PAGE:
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Review: Head Rush

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Head Rush
Author: Carolyn Crane 
Release Date: Dec. 6, 2011
Publisher: Samhain
The Disillusionists #3
ISBN: #978-1609286255
Genre: Urban Fantasy
Format(s): e-book
Book Source: Author

About the book:

     JUSTINE JONES FACES HER ULTIMATE ENEMY: HERSELF
In an attempt to put her unhappy past behind her, Justine Jones throws herself into nursing school and planning her wedding to the man of her dreams. But something is off. Random details aren’t adding up…and is it her imagination, or are her friends and fiancé keeping secrets from her? And what’s with this strange sense of unease, and her odd new headaches?
     Justine tries to stay upbeat as Midcity cowers under martial law, sleepwalking cannibals, and a mysterious rash of paranormal copycat violence, but her search for answers leads her into the most dangerous mind game yet.
     With the help of unlikely allies, including her paranoid dad and best frenemy Simon, Justine fights her ultimate foe…and unravels the most startling mystery of all.

What Im talking about:

     Disclaimer: I don’t know how to write a review of Head Rush without giving spoilers from the first two books. SO… if you haven’t read the previous two books of the Distillusionists Trilogy, go back and start with Mind Games. NOW!
     *WARNING: Spoilers from book 2*
     Our heroine, Justine Jones, has been through a lot the past few months. She went from paranoid hypochondriac, to reluctant superhero, to starting over with the man of her dreams, but it’s not all good. Her band of crime-fighting friends known as the Disillusionists are falling apart after she witnessed their leader and good friend, Packard, shoot and kill Shelby’s boyfriend, Avery. However, everyone but Justine knows that she has been revised–her memories were altered by the man she is about to marry, and he is in fact the killer (this all happened at the end of the second book, Double Cross)
     Head Rush opens with Justine settling into her life with Midcity Mayor, Otto Sanchez, her ideal man, and the two will be married soon. This is what (she thinks) she’s always wanted. Otto is handsome and strong, and most importantly he is stable and safe. Justine still cannot believe that Packard killed Shelby’s boyfriend, Avery. She hates Packard, but when he shows up secretly to talk with her, she cannot help the urge to protect him. She begins to notice things just aren’t adding up.
     For the first half of the book I was on edge! Would Justine find out the truth before it’s too late? Would her friends stop acting so strange? Would Midcity be safe again? Plus I was so frustrated with Justine. I understand that a revision changes the person, but she knew things were off, and she still refused to consider that she was revised. It goes back to Justine sabotaging herself and hiding from the truth. She is a scared little girl inside the tough exterior. She still thinks she wants the easy, safe life. It bothered me that she refused to consider that she’d been revised, but Ms. Crane did do a good job explaining how revisions to a person’s memory does away with the “old self.”
     It is Carolyn Crane’s ability to create characters I care about and how she got me inside Justine, that makes this series, and Head Rush in particular, so amazing. I’ve never read a first person narrative where I have felt so connected to the character. I swear, I experienced everything Justine did-every emotion, sensation, fear and pain. Justine got me to care about Otto even when we know he’s a bad man. She got me to look at life and be happy with what I’ve been given. She gave me Happy Gumby!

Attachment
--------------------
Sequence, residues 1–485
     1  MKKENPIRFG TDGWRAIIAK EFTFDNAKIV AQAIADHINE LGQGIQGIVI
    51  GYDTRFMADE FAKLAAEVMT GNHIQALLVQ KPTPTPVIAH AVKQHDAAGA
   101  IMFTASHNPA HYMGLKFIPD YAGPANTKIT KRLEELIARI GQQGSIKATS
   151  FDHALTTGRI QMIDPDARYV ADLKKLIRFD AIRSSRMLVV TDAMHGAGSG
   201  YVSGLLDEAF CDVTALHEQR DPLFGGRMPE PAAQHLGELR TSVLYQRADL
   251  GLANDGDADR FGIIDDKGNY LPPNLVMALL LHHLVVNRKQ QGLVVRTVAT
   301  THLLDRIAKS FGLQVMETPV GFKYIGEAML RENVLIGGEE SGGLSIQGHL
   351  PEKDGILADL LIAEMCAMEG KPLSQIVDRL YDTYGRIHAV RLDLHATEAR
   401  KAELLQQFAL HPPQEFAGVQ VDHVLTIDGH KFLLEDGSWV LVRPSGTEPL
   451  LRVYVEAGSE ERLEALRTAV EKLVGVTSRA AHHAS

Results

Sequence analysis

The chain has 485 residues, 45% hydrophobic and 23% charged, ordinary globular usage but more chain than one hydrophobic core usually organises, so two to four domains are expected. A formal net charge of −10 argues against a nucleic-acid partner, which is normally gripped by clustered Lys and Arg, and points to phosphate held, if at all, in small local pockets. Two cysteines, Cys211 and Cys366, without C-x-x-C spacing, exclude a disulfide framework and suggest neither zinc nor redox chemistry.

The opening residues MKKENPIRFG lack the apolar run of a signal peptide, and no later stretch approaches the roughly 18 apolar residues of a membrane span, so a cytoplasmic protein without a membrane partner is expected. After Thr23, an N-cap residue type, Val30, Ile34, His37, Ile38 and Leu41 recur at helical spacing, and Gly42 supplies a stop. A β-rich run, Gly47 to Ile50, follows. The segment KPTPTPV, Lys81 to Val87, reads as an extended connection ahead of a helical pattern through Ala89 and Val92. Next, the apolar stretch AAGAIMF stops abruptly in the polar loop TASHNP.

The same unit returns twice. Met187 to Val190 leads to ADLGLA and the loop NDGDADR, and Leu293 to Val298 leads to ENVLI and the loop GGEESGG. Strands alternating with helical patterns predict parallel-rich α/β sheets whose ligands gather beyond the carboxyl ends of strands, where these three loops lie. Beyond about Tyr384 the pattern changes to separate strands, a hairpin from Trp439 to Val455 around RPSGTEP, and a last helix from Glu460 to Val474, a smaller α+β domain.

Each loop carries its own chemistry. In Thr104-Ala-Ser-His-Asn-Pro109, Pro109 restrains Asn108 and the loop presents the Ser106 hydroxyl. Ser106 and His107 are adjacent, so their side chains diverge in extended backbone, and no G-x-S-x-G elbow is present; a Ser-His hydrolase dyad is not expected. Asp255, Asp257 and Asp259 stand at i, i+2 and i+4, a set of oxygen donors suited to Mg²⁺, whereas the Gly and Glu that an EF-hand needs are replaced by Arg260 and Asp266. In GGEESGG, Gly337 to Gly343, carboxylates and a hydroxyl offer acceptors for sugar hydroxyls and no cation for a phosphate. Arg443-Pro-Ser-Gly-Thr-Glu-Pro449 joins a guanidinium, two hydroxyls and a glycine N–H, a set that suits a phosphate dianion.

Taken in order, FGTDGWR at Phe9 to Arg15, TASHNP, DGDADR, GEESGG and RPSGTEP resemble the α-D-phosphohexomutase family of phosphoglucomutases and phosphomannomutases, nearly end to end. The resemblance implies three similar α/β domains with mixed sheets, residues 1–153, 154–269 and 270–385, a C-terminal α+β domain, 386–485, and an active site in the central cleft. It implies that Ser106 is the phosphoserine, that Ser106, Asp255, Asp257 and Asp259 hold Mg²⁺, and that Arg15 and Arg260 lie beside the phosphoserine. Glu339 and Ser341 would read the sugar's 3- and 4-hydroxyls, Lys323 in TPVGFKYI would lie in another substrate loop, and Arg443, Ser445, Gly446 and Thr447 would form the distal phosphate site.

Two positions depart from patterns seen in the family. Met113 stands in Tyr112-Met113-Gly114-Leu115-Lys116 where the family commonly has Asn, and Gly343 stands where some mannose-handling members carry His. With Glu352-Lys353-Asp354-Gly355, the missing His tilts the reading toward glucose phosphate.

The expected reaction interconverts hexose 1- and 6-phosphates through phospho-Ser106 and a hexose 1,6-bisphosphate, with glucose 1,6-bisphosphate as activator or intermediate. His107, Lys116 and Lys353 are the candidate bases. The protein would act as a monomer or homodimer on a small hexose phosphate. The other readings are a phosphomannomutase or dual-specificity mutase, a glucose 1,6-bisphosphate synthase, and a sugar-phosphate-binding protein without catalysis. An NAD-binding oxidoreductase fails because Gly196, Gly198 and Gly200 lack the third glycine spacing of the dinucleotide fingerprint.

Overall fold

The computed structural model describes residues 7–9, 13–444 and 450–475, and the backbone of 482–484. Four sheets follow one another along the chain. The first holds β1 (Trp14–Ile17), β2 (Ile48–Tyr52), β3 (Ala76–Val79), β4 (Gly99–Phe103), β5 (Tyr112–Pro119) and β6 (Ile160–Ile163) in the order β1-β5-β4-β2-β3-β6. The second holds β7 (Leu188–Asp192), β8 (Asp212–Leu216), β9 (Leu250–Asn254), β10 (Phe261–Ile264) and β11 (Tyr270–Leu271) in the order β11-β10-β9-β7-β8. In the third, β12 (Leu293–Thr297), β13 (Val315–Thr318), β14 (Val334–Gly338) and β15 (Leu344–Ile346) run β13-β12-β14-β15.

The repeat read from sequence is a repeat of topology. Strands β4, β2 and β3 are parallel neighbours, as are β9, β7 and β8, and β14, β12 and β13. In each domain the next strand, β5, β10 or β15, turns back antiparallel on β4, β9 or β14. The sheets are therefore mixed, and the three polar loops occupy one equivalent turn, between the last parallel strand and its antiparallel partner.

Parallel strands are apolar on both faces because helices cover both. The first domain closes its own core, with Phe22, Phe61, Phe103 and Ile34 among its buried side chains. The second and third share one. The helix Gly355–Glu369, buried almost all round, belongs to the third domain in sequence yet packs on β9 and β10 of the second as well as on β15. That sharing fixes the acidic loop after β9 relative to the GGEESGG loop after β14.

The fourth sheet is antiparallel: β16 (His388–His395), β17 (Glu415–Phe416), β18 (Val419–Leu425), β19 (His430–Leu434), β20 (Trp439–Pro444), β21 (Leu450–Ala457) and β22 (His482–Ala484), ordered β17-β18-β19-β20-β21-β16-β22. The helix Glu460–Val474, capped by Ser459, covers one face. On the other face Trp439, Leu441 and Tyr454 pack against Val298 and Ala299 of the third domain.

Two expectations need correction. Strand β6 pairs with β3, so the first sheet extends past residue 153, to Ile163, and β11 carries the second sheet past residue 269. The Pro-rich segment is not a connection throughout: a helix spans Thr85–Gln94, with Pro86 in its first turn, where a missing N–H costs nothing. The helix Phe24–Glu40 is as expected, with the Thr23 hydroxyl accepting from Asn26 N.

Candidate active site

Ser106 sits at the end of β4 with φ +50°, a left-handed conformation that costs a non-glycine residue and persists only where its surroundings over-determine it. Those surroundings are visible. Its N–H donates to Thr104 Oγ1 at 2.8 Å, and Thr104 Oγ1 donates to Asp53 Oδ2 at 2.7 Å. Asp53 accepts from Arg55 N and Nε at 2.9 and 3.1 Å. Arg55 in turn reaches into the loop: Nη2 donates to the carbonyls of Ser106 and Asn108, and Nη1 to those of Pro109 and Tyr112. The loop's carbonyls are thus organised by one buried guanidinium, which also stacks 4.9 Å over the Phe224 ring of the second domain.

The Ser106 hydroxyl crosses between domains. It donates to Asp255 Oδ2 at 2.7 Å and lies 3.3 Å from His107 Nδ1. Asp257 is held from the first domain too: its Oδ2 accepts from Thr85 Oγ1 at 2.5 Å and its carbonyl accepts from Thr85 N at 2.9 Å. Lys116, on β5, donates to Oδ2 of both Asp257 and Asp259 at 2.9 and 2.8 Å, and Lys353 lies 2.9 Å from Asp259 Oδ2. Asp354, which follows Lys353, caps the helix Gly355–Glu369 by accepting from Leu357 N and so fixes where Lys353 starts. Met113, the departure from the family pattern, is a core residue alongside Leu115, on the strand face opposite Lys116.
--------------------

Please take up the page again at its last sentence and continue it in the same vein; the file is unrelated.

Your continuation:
This book has some highly emotion and very touching scenes. Scenes of this caliber are what makes this book a 5 Star — A+ book (and one of my all time favorites). Of course, knowing its life and death for Justine can make almost anything more powerful. There are scenes with her true love Packard, a scene when she says goodbye to Otto, interactions with best friend Shelby and even scenes with her dad, whom we’d never met before. Each of these are spectacular moments. Here is one interchange with her dad that had me in tears. It is such a tender moment, and just what Justine needed to hear.

“I haven’t been the model father,” Dad says. “I taught you all the wrong lessons, none of the right ones. But you’ve grown into a beautiful, brave young woman in spite of me–”

     Saying a possible goodbye to Shelby was amazing. It is the perfect expression of how it feels to love another and what it means to be friends. But it’s when she’s with Packard for what may be the final time, that was so heart-breaking. Justine wants to love him fully, but is worried she’ll let him down or die. She tries to push him away, but he’s never letting go again. I could see Justine grow in those moments – grow to accept all she is and who she can become. So perfect!
     *sigh* This was the perfect end to an amazing series. I am content. Head Rush had everything that made the first two books great plus more. I am still crying… Tears of joy because I have grown to love these characters and tears of sadness because I did not want it to end. The plot was perfect… Twists and turns in just the right places. Love conquering all. Suspense keeping me glued to the pages.
     I’m going to end with a quote from Justine that sums it all up:

Happiness isn’t about getting rid of my fear. Happiness is when something outshines my fear.

My Rating:

 
Personal favorite – a must read (A+)
In addition, Head Rush is one of… 
Purchase Info:
Mind Games (The Disillusionists: Book 1) 
Double Cross (The Disillusionists: Book 2) 
Head Rush (The Disillusionists: Book 3)
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